Prof touts 'unrecorded' lecture series about pushing 'cops off campus'
A group at the University of California, Merced will host lectures about abolishing the police.
The professor leading one lecture boasted that it would be "unrecorded."
Calls to “abolish the police” have risen across the University of California system as students and faculty join the “Cops off Campus” campaign.
A group at the University of California, Merced is hosting a series of talks about abolishing the police, which will not be made available to the public.
The month-long lecture series called "Black Study, Collective Struggle: Cops Off Campus & the Shared Horizon of Abolition" will commemorate “Abolition May.”
According to one event’s description, Dr. SA Smythe — a gender studies professor at the University of California-Los Angeles — will discuss “the growing national campaign to build a university system free of policing as integral to the commitments we must hold as learners, educators, and as people committed to this unprecedented struggle against carceral violence.”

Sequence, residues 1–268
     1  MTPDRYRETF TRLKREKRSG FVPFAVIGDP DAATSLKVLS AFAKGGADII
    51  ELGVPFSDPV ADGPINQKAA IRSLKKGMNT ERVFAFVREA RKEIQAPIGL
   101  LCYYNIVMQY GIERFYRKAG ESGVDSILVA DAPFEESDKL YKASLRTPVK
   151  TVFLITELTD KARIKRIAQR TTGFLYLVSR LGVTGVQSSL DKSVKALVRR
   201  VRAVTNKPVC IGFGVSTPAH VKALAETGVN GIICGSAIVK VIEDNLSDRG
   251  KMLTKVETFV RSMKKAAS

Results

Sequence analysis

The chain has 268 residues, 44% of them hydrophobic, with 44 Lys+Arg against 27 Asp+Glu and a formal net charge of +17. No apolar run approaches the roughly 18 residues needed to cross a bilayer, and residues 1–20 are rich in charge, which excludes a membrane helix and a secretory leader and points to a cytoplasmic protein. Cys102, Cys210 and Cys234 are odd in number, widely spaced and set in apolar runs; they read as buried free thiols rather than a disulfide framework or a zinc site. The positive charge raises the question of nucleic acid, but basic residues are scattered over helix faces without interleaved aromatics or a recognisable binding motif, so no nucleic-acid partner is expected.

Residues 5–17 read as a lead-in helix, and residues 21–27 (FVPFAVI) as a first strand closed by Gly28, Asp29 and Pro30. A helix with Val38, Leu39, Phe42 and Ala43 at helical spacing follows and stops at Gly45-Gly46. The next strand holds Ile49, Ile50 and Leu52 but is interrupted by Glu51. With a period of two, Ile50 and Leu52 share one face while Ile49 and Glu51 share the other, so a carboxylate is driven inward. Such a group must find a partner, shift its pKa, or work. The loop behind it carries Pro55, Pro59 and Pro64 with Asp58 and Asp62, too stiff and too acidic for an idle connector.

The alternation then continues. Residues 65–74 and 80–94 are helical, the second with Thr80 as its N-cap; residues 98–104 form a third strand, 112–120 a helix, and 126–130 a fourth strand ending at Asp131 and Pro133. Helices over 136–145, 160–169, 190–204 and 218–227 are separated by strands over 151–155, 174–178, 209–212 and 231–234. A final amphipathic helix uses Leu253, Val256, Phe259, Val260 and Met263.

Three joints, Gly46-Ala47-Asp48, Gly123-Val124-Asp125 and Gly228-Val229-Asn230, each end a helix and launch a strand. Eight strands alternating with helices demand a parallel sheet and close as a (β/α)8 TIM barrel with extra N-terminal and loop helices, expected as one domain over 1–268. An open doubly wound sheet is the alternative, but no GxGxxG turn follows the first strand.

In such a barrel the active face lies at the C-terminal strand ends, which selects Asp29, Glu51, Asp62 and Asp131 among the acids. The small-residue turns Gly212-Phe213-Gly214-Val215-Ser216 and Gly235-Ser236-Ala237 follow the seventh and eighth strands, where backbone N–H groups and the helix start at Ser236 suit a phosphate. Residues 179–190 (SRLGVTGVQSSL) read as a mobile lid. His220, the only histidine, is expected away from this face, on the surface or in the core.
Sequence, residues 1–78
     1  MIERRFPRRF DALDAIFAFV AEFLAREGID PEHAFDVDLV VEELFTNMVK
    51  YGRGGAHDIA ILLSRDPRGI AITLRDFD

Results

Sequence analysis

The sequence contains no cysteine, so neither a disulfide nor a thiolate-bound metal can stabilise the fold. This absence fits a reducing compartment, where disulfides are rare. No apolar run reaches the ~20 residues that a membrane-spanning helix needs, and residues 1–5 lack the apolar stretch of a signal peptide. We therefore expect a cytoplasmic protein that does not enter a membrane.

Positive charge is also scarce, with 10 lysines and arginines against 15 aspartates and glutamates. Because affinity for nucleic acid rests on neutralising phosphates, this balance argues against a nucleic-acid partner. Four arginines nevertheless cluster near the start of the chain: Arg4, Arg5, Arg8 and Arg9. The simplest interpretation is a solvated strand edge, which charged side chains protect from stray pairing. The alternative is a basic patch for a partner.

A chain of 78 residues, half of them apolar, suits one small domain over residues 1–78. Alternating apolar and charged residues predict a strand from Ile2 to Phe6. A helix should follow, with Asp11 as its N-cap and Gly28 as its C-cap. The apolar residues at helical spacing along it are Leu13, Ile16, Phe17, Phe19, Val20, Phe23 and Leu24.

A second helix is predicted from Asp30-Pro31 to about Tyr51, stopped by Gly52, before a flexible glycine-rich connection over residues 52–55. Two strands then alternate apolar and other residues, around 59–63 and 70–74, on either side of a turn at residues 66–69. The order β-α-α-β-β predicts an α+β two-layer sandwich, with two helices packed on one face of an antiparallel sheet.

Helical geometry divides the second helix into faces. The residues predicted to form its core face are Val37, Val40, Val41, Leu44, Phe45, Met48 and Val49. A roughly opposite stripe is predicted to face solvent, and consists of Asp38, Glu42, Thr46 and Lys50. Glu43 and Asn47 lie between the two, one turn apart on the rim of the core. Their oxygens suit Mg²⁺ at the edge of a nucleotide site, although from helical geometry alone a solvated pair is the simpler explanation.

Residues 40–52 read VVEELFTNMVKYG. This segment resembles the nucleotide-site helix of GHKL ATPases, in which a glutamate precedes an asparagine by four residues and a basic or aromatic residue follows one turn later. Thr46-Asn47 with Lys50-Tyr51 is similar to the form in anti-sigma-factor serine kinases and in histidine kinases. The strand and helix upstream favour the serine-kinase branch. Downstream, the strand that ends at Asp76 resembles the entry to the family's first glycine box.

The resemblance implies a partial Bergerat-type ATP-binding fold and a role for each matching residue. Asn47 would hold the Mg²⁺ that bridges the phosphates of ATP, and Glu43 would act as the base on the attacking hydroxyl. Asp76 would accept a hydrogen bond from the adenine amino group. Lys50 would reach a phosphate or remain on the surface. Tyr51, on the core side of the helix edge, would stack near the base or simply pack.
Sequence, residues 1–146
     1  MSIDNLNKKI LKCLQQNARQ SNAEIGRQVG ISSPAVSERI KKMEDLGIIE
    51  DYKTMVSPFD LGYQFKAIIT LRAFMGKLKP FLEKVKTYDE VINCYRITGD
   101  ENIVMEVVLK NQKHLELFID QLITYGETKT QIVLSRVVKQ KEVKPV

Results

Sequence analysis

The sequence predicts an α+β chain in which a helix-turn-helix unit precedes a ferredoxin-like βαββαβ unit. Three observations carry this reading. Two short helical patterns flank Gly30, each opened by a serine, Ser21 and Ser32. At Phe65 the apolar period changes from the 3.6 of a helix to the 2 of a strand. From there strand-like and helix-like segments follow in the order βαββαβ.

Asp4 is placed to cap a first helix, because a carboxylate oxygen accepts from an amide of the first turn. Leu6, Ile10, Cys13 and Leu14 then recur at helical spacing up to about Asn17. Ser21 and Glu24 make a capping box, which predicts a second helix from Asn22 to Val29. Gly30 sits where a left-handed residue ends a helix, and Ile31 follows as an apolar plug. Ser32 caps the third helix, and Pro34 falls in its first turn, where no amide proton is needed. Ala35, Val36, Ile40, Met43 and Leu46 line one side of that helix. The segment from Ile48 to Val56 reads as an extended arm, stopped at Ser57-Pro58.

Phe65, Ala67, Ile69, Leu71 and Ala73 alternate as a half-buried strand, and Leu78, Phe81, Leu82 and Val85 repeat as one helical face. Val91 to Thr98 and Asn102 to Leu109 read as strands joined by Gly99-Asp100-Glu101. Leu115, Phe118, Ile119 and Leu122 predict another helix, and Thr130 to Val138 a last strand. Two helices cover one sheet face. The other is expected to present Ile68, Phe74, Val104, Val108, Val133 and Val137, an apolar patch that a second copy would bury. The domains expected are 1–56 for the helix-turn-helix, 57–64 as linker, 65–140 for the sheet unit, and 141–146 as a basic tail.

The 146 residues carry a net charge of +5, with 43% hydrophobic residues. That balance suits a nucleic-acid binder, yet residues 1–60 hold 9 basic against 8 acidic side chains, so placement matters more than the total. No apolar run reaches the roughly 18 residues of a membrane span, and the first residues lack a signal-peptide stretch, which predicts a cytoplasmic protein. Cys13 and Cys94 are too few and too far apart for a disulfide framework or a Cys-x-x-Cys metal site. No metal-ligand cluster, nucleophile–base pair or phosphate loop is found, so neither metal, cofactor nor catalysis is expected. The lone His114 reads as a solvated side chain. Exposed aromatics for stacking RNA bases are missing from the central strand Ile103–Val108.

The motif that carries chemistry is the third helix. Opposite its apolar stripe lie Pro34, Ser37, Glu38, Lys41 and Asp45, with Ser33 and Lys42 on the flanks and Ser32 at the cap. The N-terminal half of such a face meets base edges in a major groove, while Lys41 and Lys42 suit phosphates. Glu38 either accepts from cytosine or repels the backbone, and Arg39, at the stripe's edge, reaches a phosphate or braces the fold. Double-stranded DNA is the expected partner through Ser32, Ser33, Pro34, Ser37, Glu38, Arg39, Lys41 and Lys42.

Smythe “will draw on lessons learned from Black studies and ask not only ‘what do we owe to each other,’ but who is ‘we’ in the principled march towards the shared horizon of abolition.”
In a required question on the registration form, event organizers ask attendees to list their pronouns.
On Twitter, Smythe informed followers that the event would be “unrecorded.” In other words, students at the public university and citizens of California will be unable to review the content financed by their tuition and tax dollars.
Really excited for this (unrecorded) conversation about #CopsOffCampus. On @copsoffearth, @ucftp, @divestucla, black study and collective struggle, or what we owe to each other towards the shared horizon of abolition. Thanks to the folks at @ucm_ftp✨ https://t.co/LiefxRG8GB
— SA Smythe (@essaysmythe) April 7, 2021
In recent months, students and faculty across the University of California system have joined the “Cops off Campus” campaign.
As Campus Reform reported in November, UC-San Diego hosted a virtual protest, while UC-Riverside held a protest in front of the UCPD station.
Meanwhile, UC-Santa Barbara held a rally that attracted over 100 students and professors.
Campus Reform reached out to Smythe and the University of California-Merced for comment; this article will be updated accordingly.
Follow the author of this article on Twitter: @BenZeisloft